The Role of Diet and Nutrition in Migraine Triggers and Treatment

A Systematic Literature Review

Nada Ahmad Hindiyeh, MD; Niushen Zhang, MD; Mallory Farrar, PharmD; Pixy Banerjee, MPharm; Louise Lombard, MNutr; Sheena K. Aurora, MD

Disclosures

Headache. 2020;60(7):1300-1316. 

In This Article

Methods

Search Strategy

The systematic review was performed using an a priori protocol. The format of this review was based on the Preferred Reporting Items for Systematic reviews and Meta-analyses (PRISMA).[17] A literature search was conducted in MEDLINE and EMBASE in the OVID platform to identify studies assessing the effect of diet on migraine. The search strategies combined free-text and controlled vocabulary terms for the disease and outcomes of interest. The search terms are outlined in the Appendix. The literature search was limited to articles in the English language, involving adult human subjects (≥18 years old) and published from January 1, 2000 to March 5, 2019. Inclusion and exclusion criteria were determined as depicted in Table 1.

Study Selection

Eligibility Criteria. RCTs, non-RCTs, prospective or retrospective observational studies, systematic literature reviews and surveys, in which diet, food, and nutrition were assessed as patterns, triggers or an intervention, in people with migraine aged ≥18 years were included (Table 1).

Study Selection. The studies were selected based on a 2-level screening process. Level 1 screening entailed a broad screening based on the titles and abstracts of the citations retrieved. The full text of all citations passing level 1 screening was retrieved for full-text article screening in level 2 and screened for final eligibility for the review. One reviewer completed level 1 screening (MF or PB), while a second reviewer conducted a quality check of a random sample of abstracts. Level 1 screening was verified by 2 expert reviewers (NAH and NZ). Level 2 screening was conducted by 2 independent reviewers (MF and PB) and discrepancies were resolved by consensus within the team or by involving a third team member (LL, NAH, or NZ). All screenings were recorded using prior developed eligibility criteria as described above. Bibliographic searches of systematic literature reviews were conducted to identify relevant studies.

Data Extraction

Data were manually extracted from the reports by 2 researchers (MF and PB) and independent reviewers (LL, NAH, NZ or SA) further verified the extractions. A standardized data extraction form was used to extract the data from each included study and studies were categorized as diet patterns, diet-related triggers, and dietary interventions. The articles were searched for the type of diet, type of study, sample size, migraine type, results of outcome measures as reported by the articles for dietary patterns and triggers (correlation and association measures, prevalence, number or percentage of triggers), and the effect of interventions (effect on intensity, frequency or duration of headache or migraine attacks, pain or other medication use, number of migraine days).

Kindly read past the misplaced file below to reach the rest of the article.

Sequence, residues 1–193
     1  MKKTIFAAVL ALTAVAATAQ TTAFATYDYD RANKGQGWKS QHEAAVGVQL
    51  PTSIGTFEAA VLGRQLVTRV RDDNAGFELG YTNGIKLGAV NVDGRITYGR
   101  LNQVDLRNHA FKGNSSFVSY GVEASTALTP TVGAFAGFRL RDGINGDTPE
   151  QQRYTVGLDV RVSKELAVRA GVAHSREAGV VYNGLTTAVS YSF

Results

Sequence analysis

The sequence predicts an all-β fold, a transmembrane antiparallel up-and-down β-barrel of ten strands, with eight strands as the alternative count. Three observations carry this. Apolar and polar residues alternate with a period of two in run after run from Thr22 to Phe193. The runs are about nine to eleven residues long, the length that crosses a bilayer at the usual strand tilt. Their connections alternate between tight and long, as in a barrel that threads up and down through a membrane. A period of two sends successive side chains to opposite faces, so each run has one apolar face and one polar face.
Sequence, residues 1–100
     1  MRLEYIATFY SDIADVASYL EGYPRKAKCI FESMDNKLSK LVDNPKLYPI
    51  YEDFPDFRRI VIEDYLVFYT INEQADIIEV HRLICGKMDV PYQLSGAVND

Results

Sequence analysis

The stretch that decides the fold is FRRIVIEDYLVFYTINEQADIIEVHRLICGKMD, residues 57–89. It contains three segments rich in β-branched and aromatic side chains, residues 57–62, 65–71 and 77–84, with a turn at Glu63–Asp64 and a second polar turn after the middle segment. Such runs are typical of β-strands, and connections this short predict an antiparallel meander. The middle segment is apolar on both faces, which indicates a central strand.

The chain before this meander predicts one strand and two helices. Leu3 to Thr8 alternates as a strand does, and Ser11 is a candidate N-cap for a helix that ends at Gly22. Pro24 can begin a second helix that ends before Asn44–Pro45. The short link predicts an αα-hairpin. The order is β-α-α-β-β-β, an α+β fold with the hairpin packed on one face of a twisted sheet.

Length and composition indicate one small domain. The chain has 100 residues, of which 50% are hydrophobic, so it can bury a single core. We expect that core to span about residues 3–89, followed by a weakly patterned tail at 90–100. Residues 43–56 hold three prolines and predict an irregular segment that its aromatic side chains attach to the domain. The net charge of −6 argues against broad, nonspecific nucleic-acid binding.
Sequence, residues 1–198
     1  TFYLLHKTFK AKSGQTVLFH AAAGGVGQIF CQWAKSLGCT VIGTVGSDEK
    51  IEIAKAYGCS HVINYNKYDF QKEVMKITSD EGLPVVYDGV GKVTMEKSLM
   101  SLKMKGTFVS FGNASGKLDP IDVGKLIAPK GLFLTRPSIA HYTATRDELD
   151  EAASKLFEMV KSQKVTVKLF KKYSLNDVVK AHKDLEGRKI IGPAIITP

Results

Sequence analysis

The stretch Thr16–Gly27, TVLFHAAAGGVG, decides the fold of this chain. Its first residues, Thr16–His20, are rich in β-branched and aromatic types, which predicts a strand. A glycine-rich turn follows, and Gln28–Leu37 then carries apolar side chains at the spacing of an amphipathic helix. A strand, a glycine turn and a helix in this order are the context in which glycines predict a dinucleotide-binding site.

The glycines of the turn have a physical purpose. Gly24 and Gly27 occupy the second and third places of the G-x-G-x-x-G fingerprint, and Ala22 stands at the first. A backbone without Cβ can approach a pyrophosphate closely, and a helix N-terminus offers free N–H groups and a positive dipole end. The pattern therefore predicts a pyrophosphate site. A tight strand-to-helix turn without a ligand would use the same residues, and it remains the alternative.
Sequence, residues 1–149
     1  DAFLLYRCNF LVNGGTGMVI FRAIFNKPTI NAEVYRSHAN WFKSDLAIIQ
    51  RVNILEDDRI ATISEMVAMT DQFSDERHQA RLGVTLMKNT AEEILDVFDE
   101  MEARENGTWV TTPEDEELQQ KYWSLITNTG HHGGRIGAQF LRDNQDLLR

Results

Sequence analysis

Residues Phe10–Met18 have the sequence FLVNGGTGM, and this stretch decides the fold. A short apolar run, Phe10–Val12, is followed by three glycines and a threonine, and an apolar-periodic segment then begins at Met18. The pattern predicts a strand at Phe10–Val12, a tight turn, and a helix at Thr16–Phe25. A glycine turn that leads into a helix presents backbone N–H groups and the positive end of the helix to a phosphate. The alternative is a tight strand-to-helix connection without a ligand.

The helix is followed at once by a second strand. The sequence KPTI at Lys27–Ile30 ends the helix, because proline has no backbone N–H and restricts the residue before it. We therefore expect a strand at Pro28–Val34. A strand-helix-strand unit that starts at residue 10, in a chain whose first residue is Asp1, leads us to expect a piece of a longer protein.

Quality Assessment of Included Studies

All included RCT studies were assessed for quality by the National Institutes for Health and Care Excellence (NICE) checklist for RCTs.[18] The items of the NICE checklist were rated as "yes", "no", "unclear", or "N/A". A "yes" response for an item indicates that the design/conduct of the study minimizes the risk of bias for that item. A "no" response denotes high risk of bias for an item. An "unclear" response to a question may arise when the item is not reported or not clearly reported. "N/A" was used when an RCT cannot give an answer of "yes" regardless of how well it has been designed. The risk of bias was determined according to the responses for each item. The disagreement between researchers was resolved by consensus. The Modified Downs and Black checklist[19,20] was used to assess the quality of the observational studies. The checklist was modified for the scoring of item 27 that refers to the power of the study. Instead of rating according to an available range of study powers (0-5), the rating was performed based on whether or not the study performed power calculation (1 or 0). Therefore, the highest possible score for the checklist was 28 (instead of 32), with higher scores indicating higher study quality.

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